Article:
10 When Jesus had lifted up himself, and saw none but the woman, he said unto her, Woman, where are those thine accusers? hath no man condemned thee?
11 She said, No man, Lord. And Jesus said unto her, Neither do I condemn thee: go, and sin no more.
Codex Sinaiticus
Completely absent.

 

Significant omitted verses

King James Version
Luke 24:51: “And it came to pass, while he blessed them, he was parted from them, and carried up into heaven.”Mark 1:1: “The beginning of the gospel of Jesus Christ, the Son of God;”

Luke 9:55–56: “But he turned, and rebuked them, and said, Ye know not what manner of spirit ye are of. For the Son of man is not come to destroy men’s lives, but to save them. And they went to another village.”

Codex Sinaiticus
Omits “carried up into heaven.” Leaving no ascension in the Gospels.

Omits “the Son of God.”

Not present.

 


 

Alterations perhaps due to later theological beliefs

King James Version
Mark 1:41: “And Jesus, moved with compassion, put forth his hand, and touched him, and saith unto him, I will; be thou clean.”Matthew 24:36: “But of that day and hour knoweth no man, no, not the angels of heaven, but my Father only.”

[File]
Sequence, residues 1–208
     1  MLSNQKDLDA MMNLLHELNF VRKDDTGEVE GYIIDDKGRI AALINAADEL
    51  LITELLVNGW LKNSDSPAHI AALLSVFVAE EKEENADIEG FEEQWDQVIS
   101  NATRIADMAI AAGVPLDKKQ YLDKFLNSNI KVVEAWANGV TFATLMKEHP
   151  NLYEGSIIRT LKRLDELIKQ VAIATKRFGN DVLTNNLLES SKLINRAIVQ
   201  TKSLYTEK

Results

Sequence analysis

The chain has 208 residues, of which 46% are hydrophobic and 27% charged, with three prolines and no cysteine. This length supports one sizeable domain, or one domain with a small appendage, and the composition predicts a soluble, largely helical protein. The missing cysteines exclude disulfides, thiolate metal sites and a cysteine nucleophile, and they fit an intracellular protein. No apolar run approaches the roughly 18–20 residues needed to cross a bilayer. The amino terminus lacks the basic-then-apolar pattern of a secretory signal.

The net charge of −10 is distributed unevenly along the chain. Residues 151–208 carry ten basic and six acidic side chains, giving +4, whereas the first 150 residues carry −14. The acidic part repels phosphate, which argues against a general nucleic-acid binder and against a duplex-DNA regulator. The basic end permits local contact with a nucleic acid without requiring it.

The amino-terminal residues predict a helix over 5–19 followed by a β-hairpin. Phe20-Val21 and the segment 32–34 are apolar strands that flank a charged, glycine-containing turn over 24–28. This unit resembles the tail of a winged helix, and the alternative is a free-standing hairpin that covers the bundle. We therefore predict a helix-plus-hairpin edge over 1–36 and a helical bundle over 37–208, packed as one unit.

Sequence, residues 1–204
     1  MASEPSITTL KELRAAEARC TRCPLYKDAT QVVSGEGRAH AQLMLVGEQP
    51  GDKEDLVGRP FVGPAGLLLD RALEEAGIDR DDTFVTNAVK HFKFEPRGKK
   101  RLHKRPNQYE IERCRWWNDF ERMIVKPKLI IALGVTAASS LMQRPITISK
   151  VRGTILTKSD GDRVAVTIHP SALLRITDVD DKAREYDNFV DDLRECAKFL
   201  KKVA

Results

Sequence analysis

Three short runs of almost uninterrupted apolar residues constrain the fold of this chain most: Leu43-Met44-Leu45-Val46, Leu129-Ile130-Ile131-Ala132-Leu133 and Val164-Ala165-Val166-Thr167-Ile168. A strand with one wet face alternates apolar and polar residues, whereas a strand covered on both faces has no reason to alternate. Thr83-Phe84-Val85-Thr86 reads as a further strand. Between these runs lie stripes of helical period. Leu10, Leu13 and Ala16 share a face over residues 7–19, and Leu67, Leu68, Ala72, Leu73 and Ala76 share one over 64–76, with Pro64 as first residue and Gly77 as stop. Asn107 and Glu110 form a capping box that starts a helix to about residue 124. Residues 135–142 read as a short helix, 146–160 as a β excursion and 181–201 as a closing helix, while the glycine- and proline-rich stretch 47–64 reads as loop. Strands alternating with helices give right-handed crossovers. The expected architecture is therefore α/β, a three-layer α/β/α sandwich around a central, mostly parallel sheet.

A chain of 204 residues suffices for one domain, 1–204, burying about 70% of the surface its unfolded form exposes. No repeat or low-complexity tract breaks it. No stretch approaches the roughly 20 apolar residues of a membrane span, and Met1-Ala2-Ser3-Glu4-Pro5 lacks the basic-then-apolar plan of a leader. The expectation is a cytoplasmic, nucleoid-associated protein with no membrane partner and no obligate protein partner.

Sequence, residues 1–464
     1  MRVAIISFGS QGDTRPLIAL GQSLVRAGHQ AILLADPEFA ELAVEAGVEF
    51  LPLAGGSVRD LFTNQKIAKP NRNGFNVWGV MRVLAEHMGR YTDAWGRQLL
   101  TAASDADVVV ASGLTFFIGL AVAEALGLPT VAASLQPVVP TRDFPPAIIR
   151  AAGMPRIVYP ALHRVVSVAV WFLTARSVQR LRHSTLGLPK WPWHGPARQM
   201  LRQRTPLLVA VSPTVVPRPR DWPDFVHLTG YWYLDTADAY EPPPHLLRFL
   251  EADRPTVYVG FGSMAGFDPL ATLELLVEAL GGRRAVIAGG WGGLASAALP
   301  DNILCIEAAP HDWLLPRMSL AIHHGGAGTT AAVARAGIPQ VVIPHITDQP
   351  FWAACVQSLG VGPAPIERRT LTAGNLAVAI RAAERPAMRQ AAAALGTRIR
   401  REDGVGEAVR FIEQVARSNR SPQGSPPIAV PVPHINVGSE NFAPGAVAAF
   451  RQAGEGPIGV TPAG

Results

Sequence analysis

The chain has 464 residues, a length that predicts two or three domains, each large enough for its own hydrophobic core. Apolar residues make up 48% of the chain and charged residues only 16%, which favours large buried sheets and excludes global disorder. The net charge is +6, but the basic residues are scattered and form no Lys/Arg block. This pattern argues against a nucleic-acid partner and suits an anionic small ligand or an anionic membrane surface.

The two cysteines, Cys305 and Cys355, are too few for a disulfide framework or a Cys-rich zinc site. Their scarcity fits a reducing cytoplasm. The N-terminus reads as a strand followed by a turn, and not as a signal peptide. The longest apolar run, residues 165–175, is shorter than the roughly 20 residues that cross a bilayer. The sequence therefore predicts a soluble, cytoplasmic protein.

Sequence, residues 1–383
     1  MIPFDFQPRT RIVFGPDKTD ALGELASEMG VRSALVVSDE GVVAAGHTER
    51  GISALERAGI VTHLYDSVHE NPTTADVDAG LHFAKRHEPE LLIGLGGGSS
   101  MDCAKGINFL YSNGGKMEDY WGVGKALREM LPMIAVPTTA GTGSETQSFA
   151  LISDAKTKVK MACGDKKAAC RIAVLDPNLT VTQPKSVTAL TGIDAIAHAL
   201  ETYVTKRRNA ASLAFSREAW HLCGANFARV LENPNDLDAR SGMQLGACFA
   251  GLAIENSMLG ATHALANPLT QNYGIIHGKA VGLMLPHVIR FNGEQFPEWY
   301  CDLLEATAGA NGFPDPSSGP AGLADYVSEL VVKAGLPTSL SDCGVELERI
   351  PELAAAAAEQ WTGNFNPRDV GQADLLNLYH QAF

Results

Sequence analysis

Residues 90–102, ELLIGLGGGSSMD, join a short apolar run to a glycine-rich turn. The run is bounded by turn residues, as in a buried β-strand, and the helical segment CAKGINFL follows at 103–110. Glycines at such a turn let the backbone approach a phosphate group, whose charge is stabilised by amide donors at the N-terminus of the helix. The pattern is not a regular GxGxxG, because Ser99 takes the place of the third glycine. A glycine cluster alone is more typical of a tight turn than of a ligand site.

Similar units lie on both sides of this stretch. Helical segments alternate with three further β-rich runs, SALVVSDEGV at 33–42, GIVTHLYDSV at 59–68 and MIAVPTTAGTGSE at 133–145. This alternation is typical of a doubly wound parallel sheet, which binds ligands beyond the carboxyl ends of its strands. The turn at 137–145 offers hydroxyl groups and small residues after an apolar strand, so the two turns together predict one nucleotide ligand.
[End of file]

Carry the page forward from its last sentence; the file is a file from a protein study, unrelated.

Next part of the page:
Codex Sinaiticus
“Jesus, angry, stretched out his hand and touched him…”

“But of that day and hour knoweth no man, no, not the angels of heaven, neither the Son, but the Father only.”

 

Vatican Unveils Frescoes In Catacombs of Priscilla With Images Some Say Show Early Women Priests

ROME (AP) — The Vatican on Tuesday unveiled newly restored frescoes in the Catacombs of Priscilla, known for housing the earliest known image of the Madonna with Child — and frescoes said by some to show women priests in the early Christian church.

Cardinal Gianfranco Ravasi, the Vatican’s culture minister, presided over the opening of the “Cubicle of Lazzaro,” a tiny burial chamber featuring 4th century images of biblical scenes, the Apostles Peter and Paul, and one of the early Romans buried there in bunk-bed-like stacks as was common in antiquity.